News Release Archive
September 12, 2017 - 11:02am
CEDAR FALLS, Iowa – The University of Northern Iowa ranked No. 2 in the "Best Regional Universities (Midwest)" category for public universities, according to U.S. News & World Report's "Best Colleges 2018" guidebook. UNI was also ranked No. 25 overall on a combined list of all public and private Midwest regional universities.
"Consistently being honored as one of the best public institutions of higher learning in the Midwest is a tremendous honor," said UNI President Mark Nook. "It is recognition of the commitment by our faculty and staff to ensure that every student reaches their educational, professional and personal life goals. Thanks to the hard work of our students, faculty and staff, UNI consistently outperforms expected outcomes."
The magazine's ranking criteria include peer assessment, academic reputation, retention, faculty resources, student selectivity, graduation-rate performance and alumni giving rate.
For more information about the college rankings, visit www.usnews.com/best-colleges/rankings. UNI's other national rankings and awards can be found at uni.edu/resources/national-rankings-and-honors.
September 12, 2017 - 2:49pm
CEDAR FALLS, Iowa – The University of Northern Iowa, in partnership with the YWCA of Black Hawk County, Infiniti Enterprises and Legacy Branding & Event Services, will host “Engage, Empower, Act: A Cedar Valley Conference on Diversity and Inclusion,” Friday, Oct. 13. In a unique twist that emphasizes collaboration between the community and the university, the event is divided into two related sections at two different sites. Part I, The Diversity and Inclusion Mindset, will be from 8 a.m. to 12:30 p.m., in the Commons on the UNI campus. Part II, Education, Advocacy and Policing: Supporting a School-to-Success Pipeline, will be from 2:30 to 5 p.m., at the YWCA in Waterloo. Both parts of the event are free and open to the public.
Iowa, like all U.S. states, is experiencing rapidly changing demographics that will profoundly affect the way the state does business and engages its citizens. Specifically, Iowa is facing an aging and declining white population and an increasingly “brown” population that is growing. At the same time, employers will find that the people positioned to enter the job market are non-whites. “Employers must be prepared to work with and welcome people with disabilities, military veterans and individuals who identify as members of the LGBTQ population,” said Gwenne Berry, assistant to the president and chief diversity officer at UNI. “The Engage, Empower, Act Conference is designed to educate all attendees about diversity, inclusion and how participants can directly and personally effect both.”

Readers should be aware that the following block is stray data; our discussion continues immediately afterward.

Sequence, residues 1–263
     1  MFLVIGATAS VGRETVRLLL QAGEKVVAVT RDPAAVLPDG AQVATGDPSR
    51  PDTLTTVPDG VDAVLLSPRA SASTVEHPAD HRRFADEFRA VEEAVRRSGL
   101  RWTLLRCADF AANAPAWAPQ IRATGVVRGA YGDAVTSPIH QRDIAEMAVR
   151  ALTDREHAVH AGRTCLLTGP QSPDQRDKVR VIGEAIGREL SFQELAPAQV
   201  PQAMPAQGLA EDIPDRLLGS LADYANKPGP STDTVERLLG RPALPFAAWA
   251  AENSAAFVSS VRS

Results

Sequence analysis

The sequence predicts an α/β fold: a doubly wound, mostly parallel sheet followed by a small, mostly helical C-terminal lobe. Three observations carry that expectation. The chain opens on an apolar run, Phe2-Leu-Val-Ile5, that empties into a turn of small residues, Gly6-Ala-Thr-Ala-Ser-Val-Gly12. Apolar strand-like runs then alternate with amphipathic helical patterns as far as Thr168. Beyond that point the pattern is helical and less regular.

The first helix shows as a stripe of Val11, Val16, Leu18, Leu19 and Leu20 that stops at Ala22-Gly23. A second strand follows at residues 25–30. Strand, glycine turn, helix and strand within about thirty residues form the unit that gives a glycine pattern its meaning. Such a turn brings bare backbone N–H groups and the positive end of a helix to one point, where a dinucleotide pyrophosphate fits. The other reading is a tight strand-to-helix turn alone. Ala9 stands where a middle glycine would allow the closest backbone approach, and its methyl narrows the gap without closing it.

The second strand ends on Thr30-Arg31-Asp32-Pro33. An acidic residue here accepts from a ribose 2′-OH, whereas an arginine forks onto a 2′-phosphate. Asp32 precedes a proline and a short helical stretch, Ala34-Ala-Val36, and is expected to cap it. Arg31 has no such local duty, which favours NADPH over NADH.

The conference keynoter will be Jason Sole, who was born in Minnesota but grew up in Waterloo. Sole, president of the Minneapolis NAACP and assistant professor at Hamline University, presents on current issues including race, community-police relations and protest. Beyond his activism and academics, he has faced his own struggles within the criminal justice system. A three-time convicted felon and former gang leader, Sole speaks from personal experience. Due to his significant level of “street cred,” he has positively affected conversations about societal framework related to race in America. His work recently led to the resignation of the Minneapolis Police Chief. Sole is the author of the book “From Prison to Ph.D.: A Memoir of Hope, Resilience and Second Chances.” Sole has a Bachelor of Arts and Master of Science degree in Criminal Justice. He is currently putting the finishing touches on his dissertation to complete his doctorate in Public Safety with a specialization in Criminal Justice.
Mark A. Nook, UNI president, said the conference rose from student demands for increased attention to diversity issues. It is his hope that it will be an annual event. “Since those requests, we’ve developed a strategic plan that is focused on student success. But under that, as goal number one, is diversity and inclusion. This conference is one of the many, many ways our campus and community will see the institution demonstrating its commitment to achieving that goal,” he said.
Another noted presenter during the conference will be Mark Prosser, chief of police in Storm Lake since 1989 and public safety director there since 2000. Prosser has spoken extensively throughout Iowa on issues related to diversity and shifting demographics. He also has presented in New York, Washington, D.C., Seattle, Minneapolis and for the U.S. Attorney’s Office in Nebraska. Storm Lake is one of the most diverse communities in Iowa, at 80 percent non-white and 18 different languages spoken in its public school system.
|T. Elon Dancy|
Following the presentations, the participants will travel to the YWCA where Sole will engage the community in a deep conversation about next steps in education, advocacy and policing to support a strong school to success pipeline in our community.